GUEST COMMENT: This is the pain that people at Barclays are feeling

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Bob Diamond was our rudder of stability in very rough waters.  He built Barclays Capital from almost nothing after he and his team carefully appraised in 1997 that it would cost £8m a year for 10 years to turn the equity and M&A divisions of Barclays BZW around.  Having sold off these businesses to Credit Suisse, BarCap started out as a niche debt raising and trading house.  By 2012 it was a top 3 investment bank in debt, FX and commodities. And it was a major player in M&A and equities. The employees of BarCap, and to an extent Barclays as a whole, owe a lot of their success to Diamond’s leadership.  Many others attempted to chart that course and failed.

There is a deep sense of shock within BarCap at Diamond’s resignation.  Why is Barclays being penalised (with the loss of the CEO, not the fine) when it acted as the whistleblower to LIBOR malpractice? Other banks, guilty of the same behaviour, were recalcitrant. Maybe the politicians are spiteful at Barclays' success?  Had they been able to part nationalise Barclays, they could have tamed the beast.  Have politicians really thought about what they've started? Diamond’s exit and regulator settlement opens the prospect of further regulatory settlements and criminal charges for the others banks – and a wave for further board resignations. This is not the best time for a systemic change of leadership when Europe is in a chronic debt situation.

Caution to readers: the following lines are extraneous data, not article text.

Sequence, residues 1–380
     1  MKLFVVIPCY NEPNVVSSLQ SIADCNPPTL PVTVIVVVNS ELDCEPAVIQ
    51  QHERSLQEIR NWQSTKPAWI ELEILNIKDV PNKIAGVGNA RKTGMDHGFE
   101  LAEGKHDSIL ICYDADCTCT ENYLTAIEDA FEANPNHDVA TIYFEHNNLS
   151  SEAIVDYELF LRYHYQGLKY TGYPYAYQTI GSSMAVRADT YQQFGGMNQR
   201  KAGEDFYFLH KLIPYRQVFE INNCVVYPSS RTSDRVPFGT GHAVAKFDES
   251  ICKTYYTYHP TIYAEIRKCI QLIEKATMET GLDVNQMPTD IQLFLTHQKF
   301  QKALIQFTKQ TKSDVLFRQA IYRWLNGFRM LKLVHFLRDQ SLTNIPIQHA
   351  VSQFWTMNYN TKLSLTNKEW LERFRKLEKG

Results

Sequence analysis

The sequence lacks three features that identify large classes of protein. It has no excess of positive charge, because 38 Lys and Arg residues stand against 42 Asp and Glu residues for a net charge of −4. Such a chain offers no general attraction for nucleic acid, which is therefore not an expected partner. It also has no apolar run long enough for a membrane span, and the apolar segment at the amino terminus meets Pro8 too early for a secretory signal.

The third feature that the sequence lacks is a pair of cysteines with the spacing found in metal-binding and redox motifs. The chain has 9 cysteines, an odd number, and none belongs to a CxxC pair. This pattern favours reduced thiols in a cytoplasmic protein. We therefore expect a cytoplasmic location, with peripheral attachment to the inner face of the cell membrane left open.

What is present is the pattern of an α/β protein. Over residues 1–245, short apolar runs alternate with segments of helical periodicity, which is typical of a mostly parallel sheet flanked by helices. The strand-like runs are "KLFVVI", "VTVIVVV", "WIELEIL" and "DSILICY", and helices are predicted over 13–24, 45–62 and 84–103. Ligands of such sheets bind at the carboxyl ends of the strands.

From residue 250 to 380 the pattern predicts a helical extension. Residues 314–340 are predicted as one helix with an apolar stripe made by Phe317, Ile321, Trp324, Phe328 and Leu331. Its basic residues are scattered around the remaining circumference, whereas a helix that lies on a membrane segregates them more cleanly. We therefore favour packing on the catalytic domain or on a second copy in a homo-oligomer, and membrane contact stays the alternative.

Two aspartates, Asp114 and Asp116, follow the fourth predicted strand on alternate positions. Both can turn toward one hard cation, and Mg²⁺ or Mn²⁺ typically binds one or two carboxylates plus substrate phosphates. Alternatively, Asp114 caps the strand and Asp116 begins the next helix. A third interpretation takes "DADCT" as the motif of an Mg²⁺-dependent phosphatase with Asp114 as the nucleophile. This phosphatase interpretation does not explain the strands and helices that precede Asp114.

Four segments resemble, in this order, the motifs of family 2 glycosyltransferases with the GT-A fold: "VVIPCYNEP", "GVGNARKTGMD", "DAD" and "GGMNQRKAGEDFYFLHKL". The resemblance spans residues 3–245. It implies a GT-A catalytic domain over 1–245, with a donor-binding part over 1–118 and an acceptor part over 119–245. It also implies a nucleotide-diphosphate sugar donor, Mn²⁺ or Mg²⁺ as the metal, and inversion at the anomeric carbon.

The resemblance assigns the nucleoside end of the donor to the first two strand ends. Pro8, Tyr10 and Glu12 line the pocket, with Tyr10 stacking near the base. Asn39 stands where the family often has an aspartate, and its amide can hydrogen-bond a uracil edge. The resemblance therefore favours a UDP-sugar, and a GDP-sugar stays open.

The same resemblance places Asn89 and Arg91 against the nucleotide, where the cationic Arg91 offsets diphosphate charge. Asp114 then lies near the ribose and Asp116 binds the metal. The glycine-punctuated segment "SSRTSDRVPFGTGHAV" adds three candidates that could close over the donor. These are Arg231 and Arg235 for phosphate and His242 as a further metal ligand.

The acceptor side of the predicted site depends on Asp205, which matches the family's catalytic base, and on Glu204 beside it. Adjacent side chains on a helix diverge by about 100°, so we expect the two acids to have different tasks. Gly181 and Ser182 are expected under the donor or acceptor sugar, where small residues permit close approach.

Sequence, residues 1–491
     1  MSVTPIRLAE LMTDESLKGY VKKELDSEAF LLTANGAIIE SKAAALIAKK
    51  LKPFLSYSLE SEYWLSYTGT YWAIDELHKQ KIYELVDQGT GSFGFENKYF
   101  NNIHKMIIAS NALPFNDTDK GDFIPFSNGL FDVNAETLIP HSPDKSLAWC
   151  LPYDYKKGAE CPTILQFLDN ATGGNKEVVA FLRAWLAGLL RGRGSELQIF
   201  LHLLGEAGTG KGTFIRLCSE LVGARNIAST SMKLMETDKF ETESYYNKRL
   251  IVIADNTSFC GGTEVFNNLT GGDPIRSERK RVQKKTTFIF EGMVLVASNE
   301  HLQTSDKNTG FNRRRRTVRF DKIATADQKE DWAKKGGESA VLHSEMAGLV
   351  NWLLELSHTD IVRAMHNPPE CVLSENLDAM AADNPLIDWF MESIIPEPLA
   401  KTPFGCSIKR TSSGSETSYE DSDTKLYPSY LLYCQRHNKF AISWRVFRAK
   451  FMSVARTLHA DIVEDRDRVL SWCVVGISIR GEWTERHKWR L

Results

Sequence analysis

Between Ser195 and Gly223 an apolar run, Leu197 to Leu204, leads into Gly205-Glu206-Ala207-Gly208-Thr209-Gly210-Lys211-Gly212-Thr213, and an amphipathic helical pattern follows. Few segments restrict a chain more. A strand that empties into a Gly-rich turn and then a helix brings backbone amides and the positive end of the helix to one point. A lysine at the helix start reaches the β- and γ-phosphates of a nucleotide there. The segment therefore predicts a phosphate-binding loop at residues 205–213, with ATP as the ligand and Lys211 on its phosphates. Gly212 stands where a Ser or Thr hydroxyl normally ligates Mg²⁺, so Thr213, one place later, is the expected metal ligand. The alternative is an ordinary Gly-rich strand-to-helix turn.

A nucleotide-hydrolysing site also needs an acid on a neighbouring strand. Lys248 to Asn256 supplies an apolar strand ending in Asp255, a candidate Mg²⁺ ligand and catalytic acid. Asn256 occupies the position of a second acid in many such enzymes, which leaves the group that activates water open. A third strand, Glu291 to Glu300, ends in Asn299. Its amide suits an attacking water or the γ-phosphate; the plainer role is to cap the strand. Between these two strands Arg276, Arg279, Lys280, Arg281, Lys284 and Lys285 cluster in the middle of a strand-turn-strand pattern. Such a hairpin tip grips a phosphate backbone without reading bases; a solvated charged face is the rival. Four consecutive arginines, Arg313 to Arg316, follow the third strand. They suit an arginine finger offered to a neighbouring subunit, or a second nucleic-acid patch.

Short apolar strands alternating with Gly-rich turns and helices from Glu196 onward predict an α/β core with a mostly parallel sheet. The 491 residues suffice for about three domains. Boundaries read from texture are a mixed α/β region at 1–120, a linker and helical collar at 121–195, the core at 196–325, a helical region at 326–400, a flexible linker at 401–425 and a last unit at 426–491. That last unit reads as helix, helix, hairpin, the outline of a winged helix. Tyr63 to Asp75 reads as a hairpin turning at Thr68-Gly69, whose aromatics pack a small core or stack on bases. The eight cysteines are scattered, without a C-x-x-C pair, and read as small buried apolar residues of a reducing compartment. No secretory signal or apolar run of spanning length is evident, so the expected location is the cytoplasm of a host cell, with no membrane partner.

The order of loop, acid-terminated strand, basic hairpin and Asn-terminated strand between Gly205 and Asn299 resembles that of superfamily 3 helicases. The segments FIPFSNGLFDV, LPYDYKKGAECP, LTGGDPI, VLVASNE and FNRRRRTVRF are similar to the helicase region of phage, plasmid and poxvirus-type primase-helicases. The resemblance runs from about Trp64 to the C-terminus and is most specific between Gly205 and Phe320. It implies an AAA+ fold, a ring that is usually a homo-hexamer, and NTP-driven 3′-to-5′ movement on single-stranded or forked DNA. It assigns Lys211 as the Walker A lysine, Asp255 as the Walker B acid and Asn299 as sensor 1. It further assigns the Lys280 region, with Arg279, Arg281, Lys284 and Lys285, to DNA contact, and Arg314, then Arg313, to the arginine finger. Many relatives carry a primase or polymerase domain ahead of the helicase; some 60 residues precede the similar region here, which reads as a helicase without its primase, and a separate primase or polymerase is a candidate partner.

Longer-term, people are worried about the replacement for Diamond.  He was vociferous and strong in leadership. Rich Ricci has more charisma than Diamond’s right hand man Jerry Del Missier, but Rich Ricci has been dealt a weak hand. It will be hard for him to stand up to a new Barclays CEO and fight the investment bank’s corner.

This all trickles down to pay.  If the top guy’s not going to get paid – how am I?  It looks like pay with either slowly decline or the investment bank will be potentially spun off and will suffer worse funding rates further deteriorating the chance of achieving tough returns on equity.

The author worked at Barclays Capital until very recently and has written this based on conversations with several ex-colleagues still at the bank. If you still work at BarCap and want to express your opinion about this week's events, email us at Editor@eFinancialCareers.

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